Dylan Croll September 24, 2023
Retirement Investors are finally getting good returns from the "safest assets in the world"
For a long time, cash had so little returns that baby boomers had no choice but to invest more in riskier stocks as they approached retirement to get the yields they needed. But since the Federal Reserve started jacking up its benchmark interest rate, that’s shifting and cash investments are seeing some of the largest yields in more than decade. The average online savings account return is now 4.39%, according to DepositAccounts.com. The average yield on an online, one-year certificate of deposit, or CD, is now 5.10%, while the one-year Treasury bill is yielding 5.46%.
Financial advisers are taking that into consideration as they help manage the portfolios of their retired clients and those closing in on retirement. But while many expressed enthusiasm for the new options that cash investments offer, these advisers also cautioned that stocks still play an integral part in an investor’s retirement portfolio. "While short-term investment products, like money markets and CDs, can play a role in portfolios, it may be difficult to build a longer-term portfolio allocation around them as short-term interest rates can fluctuate as monetary policy changes," said Adam Reinert, chief investment officer and COO at Marshall Financial Group. "Though with higher interest rates on intermediate-term debt, investors may not have to be as dependent on equity allocations to do as much of the heavy lifting for portfolios as they did from 2010-2019."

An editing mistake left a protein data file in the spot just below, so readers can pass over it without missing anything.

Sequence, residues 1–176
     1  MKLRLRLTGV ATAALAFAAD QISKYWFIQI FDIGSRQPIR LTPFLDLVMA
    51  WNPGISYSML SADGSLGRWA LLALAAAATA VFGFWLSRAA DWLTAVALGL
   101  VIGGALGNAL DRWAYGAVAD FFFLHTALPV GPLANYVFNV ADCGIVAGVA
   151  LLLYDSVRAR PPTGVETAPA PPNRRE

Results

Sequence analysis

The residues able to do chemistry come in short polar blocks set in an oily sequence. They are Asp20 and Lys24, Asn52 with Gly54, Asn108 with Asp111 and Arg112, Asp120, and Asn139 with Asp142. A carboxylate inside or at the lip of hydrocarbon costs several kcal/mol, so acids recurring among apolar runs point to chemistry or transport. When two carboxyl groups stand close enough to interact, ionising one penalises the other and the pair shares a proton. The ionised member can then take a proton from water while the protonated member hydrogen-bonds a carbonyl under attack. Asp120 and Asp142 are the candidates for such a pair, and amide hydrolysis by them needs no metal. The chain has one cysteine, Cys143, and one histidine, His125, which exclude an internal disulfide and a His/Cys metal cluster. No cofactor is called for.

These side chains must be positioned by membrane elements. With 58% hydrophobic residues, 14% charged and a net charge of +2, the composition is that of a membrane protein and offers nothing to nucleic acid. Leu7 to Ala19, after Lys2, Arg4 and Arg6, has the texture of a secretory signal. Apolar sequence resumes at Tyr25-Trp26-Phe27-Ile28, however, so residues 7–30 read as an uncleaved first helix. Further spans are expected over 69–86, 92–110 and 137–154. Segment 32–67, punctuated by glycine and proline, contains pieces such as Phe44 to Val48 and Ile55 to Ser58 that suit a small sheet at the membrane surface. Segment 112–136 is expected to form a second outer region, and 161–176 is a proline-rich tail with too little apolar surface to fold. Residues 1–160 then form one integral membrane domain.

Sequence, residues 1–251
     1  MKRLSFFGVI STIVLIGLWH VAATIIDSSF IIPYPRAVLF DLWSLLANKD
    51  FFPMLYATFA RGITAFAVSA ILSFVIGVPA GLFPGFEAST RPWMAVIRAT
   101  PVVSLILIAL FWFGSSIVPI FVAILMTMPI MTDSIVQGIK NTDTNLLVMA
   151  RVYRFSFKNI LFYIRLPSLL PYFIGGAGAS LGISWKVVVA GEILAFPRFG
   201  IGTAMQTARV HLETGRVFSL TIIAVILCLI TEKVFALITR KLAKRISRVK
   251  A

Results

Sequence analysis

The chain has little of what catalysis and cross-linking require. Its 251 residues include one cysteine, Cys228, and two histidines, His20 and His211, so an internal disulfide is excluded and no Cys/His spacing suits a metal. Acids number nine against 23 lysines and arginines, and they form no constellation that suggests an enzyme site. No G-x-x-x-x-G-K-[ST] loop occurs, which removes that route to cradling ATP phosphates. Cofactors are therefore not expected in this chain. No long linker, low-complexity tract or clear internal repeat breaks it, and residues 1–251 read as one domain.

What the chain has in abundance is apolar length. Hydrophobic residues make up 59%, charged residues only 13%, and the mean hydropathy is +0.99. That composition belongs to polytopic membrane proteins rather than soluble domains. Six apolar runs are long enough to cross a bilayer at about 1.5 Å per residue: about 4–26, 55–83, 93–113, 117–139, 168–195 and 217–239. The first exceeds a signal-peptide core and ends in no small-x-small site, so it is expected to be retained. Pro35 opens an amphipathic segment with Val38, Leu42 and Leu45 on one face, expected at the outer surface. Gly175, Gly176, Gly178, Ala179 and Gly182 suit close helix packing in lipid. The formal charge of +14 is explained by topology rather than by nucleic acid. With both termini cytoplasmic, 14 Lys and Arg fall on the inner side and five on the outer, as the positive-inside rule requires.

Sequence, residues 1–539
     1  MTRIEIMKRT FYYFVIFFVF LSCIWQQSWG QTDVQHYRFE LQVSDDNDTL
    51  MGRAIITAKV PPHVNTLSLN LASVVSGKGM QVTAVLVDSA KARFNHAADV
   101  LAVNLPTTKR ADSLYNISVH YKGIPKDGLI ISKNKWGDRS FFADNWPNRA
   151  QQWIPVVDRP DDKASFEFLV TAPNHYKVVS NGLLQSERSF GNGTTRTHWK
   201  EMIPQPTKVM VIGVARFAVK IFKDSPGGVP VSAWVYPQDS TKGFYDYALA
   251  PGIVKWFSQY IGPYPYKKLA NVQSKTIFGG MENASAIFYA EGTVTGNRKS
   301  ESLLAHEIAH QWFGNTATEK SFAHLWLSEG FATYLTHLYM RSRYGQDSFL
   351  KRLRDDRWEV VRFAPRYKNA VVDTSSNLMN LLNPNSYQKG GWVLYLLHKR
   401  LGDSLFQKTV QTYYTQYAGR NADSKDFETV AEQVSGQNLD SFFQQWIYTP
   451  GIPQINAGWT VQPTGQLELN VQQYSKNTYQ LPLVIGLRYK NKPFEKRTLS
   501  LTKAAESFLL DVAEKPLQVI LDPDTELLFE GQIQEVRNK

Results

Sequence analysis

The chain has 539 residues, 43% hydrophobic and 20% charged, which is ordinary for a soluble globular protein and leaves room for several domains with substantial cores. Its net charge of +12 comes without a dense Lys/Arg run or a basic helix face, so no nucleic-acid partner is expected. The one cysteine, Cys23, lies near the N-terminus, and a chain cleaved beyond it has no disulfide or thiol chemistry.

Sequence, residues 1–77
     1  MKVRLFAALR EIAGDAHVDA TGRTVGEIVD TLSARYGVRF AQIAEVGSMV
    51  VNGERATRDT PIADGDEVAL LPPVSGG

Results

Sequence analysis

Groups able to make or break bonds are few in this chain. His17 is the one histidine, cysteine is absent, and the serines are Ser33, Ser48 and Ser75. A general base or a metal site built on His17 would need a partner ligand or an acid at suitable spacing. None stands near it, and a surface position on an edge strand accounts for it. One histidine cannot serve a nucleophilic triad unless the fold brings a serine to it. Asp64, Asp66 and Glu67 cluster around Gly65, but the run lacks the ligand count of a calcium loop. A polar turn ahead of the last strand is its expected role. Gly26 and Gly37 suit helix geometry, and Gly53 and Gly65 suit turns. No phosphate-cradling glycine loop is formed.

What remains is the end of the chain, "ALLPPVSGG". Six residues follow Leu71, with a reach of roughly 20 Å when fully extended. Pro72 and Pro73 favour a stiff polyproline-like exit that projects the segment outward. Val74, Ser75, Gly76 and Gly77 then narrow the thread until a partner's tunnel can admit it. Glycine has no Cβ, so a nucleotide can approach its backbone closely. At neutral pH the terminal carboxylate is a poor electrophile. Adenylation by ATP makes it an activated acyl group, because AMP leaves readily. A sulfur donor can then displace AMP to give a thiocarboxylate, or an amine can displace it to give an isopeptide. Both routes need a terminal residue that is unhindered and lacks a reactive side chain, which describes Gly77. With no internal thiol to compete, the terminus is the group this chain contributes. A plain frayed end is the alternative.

What are they buying and for whom?
Jordan Benold, a financial planner from Benold Financial Planning, said his firm previously advised clients who were in retirement or near it to invest in "riskier income assets like preferred stock, corporate bonds, and REITs to increase their income. "Now, he is recommending six-month Treasury bills "simply because they pay the most.""There is no reason to take that risk when one of the safest assets in the world is paying 5.5%," he said. "Also, I am having my younger clients invest a small portion into T-bills for their bond allocation. This is not a large percentage, but once again, it will provide the insurance they need if the stock market decreases and will pay a high coupon. "Certificates of deposit, in particular, can benefit near-retirees and current retirees alike. Malcolm Ethridge, executive vice president at CIC Wealth, noted that CDs with six- to 12-month maturities are a strong investment for retirees who have already begun drawing income from their portfolio. Pre-retirees, concerned that they might be retiring into a recession, can "de-risk their portfolio" by moving a couple years' worth of expenses into cash via a brokered CD, he said, allowing them "to weather any potential storm while entering retirement."We have been buying more brokered CDs on behalf of our clients in the last seven or eight months than at any other period in my career," Ethridge said. In the last year and a half, Holzberg Wealth Management has been shifting client portfolios to CD ladders with minimal risk. CD ladders are when financial planners use multiple CDs with different maturity dates. If interest rates continue to rise, the firm plans to reinvest the near-term CD funds into ones with longer maturities, which increases the overall yield, said Marcus Holzberg, a certified financial planner at the firm. "If interest rates fall, the same strategy can continue or be redeployed to other market opportunities," he said. "In other words, it's a win-win."